Now, I referred to an alternative autonomy plan that would devolve virtually all powers (save for the regular sovereign ones, i.e. the Armed Forces, the Foreign Representation and Legal Tender Monopoly). The style “Of Morocco and Western Sahara” means that, within the same entity, the Imperial Sultanate, a Moroccan Kingdom and a Sahrawi Republic vow to seal an unbreakable pact to remain together as one country. The Flag and the Stamp, as well as the essential features of sovereignty remain indeed untouched.

This, of course, is but what the proposal aims to achieve. Details would of course entail a great deal of debate, but beforehand, let us take a look at the official proposal for Autonomy; To be fair, the proposals are very advanced, but there remains the roadblock for genuine democracy, the royal fetters that hold back the will of the people; Indeed:

[4]. Through this initiative, the Kingdom of Morocco guarantees to all Sahrawis, inside as well as outside the territory, that they will hold a privileged position and play a leading role in the bodies and institutions of the region, without discrimination or exclusion.
[5]. Thus, the Sahara populations will themselves run their affairs democratically, through legislative, executive and judicial bodies enjoying exclusive powers.  They will have the financial resources needed for the region’s development in all fields, and will take an active part in the nation’s economic, social and cultural life.
[6]. The State will keep its powers in the royal domains, especially with respect to defense (sic), external relations and the constitutional and religious prerogatives of His Majesty the King.
[7]. The Moroccan initiative, which is made in an open spirit, aims to set the stage for dialogue and a negotiation process that would lead to a mutually acceptable political solution.
[12]. In keeping with democratic principles and procedures, and acting through legislative, executive and judicial bodies, the populations of the Sahara autonomous Region shall exercise powers, within the Region’s territorial boundaries, mainly over the following:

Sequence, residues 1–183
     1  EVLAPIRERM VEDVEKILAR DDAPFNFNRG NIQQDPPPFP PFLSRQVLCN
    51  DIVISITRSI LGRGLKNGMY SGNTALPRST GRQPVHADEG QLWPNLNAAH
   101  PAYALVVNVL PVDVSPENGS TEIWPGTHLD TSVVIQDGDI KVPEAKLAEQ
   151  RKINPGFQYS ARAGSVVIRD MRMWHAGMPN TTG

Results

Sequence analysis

· Region’s local administration, local police force and jurisdictions;
· in the economic sector: economic development, regional planning, promotion of investment, trade, industry, tourism and agriculture;
· Region’s budget and taxation;
· infrastruture (sic): water, hydraulic facilities, electricity, public works and transportation;
· in the social sector: housing, education, health, employment, sports, social welfare and social security;
· cultural affairs, including promotion of the Saharan Hassani cultural heritage;
· environment.
[14]. The State shall keep exclusive jurisdiction over the following in particular:
· the attributes of sovereignty, especially the flag, the national anthem and the currency;
· the attributes stemming from the constitutional and religious prerogatives of the King, as Commander of the Faithful and Guarantor of freedom of worship and of individual and collective freedoms;
· national security, external defense (sic) and defense (sic) of territorial integrity;
· external relations;
· the Kingdom’s juridical order.


The proposal itself is a good workable platform, and, provided some other prerogatives are expanded, and the symbolic recognition of the autonomous Sahrawi region as a Republic, the proposal might even induce more Polisario people into either joining the Moroccan cause, or even pressure their leadership into accepting the deal.